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Ri77

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  1. I'd suggest asking professors who know you well since that's the best way to ensure you won't end up with generic, impersonal reference letters. Personally, one of my references came from a tenure-track professor that I had volunteered for as a research assistant and another of my references came from a contract professor who also works a lawyer. I didn't worry about their status as contract/tenure, it's more important to focus on whether they know you well and whether you did well in the course.
  2. Thank you for your response! This really helped me put everything in perspective.
  3. Thank you so much for your response! That put my mind at ease a bit. I guess I just find it hard to imagine that people with really high LSAT/GPA combos aren't going to give it their all in law school and experience more success than those who come in with lower stats and also try their best. Knowing that work ethic and being able to connect with the material and enjoy it seems to correlate with success definitely makes me feel better about choosing U of T though.
  4. I am currently in my fourth year of my undergraduate degree and I am leaning toward attending U of T next year because of the competitive advantage the school seems to offer in the Toronto job market. However, my LSAT and GPA fall pretty much on the median of admitted students (166/3.85) so I'm worried that I'll be lost in a sea of extremely accomplished students next year and be unable to achieve a grade higher than a "P." I have worked very hard throughout my undergraduate degree and managed to maintain the highest GPA in my major thus far but I'm not sure that hard work will be enough when I'm in a class of students with 4.0s and 170+ on the LSAT who are probably willing to work very hard as well. I don't want to get into corporate law and I'm not sure if I want to get into "big law," so is U of T worth the extra cost it for someone like me? I know that only a moderate correlation between LSAT/GPA and success in law school has been established but I'm still terrified I'll end up at the bottom of the curve and be left with no job prospects. I know this will only provide me with anecdotal evidence but I really want to hear about the experience of current students and how their LSAT/GPA matches up with their grades in law school. Is hard work enough or is success more heavily dependent on innate intelligence?
  5. I recently received an email offering me a small scholarship that is not renewable. I'm just wondering if anyone knows whether this means I am not be considered for any of the other scholarships? For instance, if someone were to receive more than one scholarship, would they be notified in the same email? Or is it unlikely to be granted more than one? I'm definitely grateful for what I've already received, but I'm still hoping that I'm eligible for something else.
  6. I'm wondering the same thing. I was admitted mid-December and I still have not received a mail offer.
  7. It's within the first five letters of the alphabet so I'm guessing I was one of the first people called today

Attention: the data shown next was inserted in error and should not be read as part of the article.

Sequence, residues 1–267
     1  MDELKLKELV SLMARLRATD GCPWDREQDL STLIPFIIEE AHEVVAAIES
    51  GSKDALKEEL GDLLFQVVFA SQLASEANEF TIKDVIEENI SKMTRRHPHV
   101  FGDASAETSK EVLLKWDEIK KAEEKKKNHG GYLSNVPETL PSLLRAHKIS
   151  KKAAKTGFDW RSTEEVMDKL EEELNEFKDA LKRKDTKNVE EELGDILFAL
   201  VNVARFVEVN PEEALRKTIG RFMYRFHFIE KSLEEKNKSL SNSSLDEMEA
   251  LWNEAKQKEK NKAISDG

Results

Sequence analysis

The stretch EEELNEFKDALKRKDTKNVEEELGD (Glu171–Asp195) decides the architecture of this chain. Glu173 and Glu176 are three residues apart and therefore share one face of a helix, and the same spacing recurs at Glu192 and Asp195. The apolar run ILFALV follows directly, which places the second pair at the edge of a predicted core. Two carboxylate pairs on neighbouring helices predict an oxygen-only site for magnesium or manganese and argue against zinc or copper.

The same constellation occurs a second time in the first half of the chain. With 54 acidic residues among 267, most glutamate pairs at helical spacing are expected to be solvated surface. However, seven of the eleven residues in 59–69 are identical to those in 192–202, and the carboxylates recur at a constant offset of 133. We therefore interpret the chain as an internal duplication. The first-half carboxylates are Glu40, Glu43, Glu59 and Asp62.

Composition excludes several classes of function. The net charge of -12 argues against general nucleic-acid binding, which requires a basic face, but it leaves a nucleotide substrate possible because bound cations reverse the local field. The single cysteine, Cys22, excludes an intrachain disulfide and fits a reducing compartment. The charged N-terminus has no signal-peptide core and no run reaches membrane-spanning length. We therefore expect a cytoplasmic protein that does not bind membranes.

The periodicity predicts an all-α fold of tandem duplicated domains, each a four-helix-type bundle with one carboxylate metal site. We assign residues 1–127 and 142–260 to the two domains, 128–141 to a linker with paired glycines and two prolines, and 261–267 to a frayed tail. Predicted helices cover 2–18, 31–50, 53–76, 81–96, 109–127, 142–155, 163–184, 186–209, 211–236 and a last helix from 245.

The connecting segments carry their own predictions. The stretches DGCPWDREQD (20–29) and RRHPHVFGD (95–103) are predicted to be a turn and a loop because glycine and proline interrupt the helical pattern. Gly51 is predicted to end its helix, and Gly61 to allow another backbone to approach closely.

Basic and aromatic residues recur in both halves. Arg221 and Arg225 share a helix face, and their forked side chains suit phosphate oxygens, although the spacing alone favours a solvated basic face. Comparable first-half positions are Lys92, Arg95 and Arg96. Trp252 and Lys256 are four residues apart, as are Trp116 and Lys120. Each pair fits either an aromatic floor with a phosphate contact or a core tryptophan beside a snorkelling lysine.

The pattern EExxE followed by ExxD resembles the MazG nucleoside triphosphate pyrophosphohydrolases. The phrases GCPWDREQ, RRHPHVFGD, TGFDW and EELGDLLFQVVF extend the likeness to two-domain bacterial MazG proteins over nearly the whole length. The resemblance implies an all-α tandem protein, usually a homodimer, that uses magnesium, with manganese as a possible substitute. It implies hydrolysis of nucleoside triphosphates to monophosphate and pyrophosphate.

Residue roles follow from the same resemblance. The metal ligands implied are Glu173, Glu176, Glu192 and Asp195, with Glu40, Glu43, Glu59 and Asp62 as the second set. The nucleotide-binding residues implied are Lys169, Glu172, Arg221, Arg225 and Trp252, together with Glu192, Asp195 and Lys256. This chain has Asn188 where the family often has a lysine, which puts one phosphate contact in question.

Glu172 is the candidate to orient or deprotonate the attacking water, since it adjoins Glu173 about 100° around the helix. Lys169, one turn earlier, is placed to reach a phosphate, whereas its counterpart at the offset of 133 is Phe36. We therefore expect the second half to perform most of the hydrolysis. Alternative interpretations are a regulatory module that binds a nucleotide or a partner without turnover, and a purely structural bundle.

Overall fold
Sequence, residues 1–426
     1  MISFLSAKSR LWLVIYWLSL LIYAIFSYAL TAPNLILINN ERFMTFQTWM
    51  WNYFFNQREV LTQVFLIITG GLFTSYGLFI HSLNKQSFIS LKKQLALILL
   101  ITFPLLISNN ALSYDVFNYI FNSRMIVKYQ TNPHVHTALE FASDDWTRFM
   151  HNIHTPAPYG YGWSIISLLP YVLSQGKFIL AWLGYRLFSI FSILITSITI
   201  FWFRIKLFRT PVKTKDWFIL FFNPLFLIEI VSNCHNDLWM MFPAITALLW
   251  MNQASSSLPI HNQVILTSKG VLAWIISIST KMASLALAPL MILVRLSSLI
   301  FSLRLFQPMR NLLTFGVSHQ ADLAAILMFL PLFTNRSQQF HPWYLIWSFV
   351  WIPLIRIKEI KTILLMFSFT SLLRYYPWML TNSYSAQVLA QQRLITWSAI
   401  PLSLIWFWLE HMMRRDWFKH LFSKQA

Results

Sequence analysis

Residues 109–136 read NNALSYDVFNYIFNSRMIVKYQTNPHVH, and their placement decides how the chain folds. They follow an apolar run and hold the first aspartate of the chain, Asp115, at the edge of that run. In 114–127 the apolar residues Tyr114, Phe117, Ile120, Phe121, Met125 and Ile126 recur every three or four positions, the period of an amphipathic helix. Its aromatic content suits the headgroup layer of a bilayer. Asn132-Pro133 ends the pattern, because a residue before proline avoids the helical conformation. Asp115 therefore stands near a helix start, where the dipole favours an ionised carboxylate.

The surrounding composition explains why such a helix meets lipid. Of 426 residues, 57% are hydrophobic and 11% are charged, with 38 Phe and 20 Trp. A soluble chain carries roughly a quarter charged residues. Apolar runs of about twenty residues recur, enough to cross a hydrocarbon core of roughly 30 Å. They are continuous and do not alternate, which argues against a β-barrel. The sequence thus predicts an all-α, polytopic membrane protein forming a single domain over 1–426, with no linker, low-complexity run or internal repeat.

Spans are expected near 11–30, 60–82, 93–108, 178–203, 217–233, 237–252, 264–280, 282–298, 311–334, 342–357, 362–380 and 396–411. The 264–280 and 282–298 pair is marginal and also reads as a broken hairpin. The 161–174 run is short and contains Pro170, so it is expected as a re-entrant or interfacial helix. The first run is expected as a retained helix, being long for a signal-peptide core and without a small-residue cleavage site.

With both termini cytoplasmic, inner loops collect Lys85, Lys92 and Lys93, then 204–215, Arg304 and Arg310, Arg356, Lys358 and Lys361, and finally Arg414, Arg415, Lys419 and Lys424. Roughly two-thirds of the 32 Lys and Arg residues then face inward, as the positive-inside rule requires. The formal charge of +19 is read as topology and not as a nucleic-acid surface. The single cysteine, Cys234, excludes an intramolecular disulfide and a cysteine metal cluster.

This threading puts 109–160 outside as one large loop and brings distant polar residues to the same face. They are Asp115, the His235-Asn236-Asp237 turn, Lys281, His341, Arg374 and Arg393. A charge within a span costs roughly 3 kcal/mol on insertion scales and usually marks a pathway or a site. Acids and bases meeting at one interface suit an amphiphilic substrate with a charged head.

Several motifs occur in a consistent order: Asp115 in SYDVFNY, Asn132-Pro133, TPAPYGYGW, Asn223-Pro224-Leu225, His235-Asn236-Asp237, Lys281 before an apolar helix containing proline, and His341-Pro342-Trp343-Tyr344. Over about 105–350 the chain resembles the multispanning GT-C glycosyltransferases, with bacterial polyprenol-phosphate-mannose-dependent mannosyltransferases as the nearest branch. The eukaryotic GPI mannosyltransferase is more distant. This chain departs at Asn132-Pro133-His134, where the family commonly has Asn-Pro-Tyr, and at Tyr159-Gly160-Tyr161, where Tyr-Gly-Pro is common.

8. Just got the call a few minutes ago! LSAT: 166 CGPA: 3.85 (still in my fourth year so that's also my best 3)
  9. Accepted as of yesterday! 3.85/166
  10. Accepted as of yesterday. CGPA: 3.85 LSAT: 166
  11. Accepted as of this morning! 166 ~3.85 CGPA (up until this point, I'm still in my third year of undergrad) pretty decent EC's
  12. My referee resent it in over email two or three days ago and as of this afternoon the status has been changed to "received." For anyone else that's still having issues, when I called today they transferred me to someone from processing who confirmed that they had received the letter and that it would be updated by the end of the day. I'd suggest speaking to someone from processing if you can because before this no one was really giving me any helpful answers about the letters.
  13. I'm just wondering if anyone has had any luck so far with the emailing/faxing options? Has anyone's letter been processed since they have resent it?
  14. I was told to email mine as well. My referee said he had received a confirmation from OLSAS after he had sent the letter through mail but the status of the letter never changed from "currently outstanding" for me. Also, when I called they said that they didn't have the letter and I should get my referee to resend it over email. The email still hasn't been processed I guess as the status of the letter is the same. I just don't understand how they don't have the letter if my referee received a confirmation.
  15. One of mine is still outstanding and it was also sent earlier than my other reference letter which has been received. I spoke with the professor who wrote the one that is still outstanding and he said that he was sent email confirmation from OLSAS saying that the letter had been received. I wasn't aware that OLSAS sent confirmation to the references but I guess this means that they are still in the process of sorting through everything.
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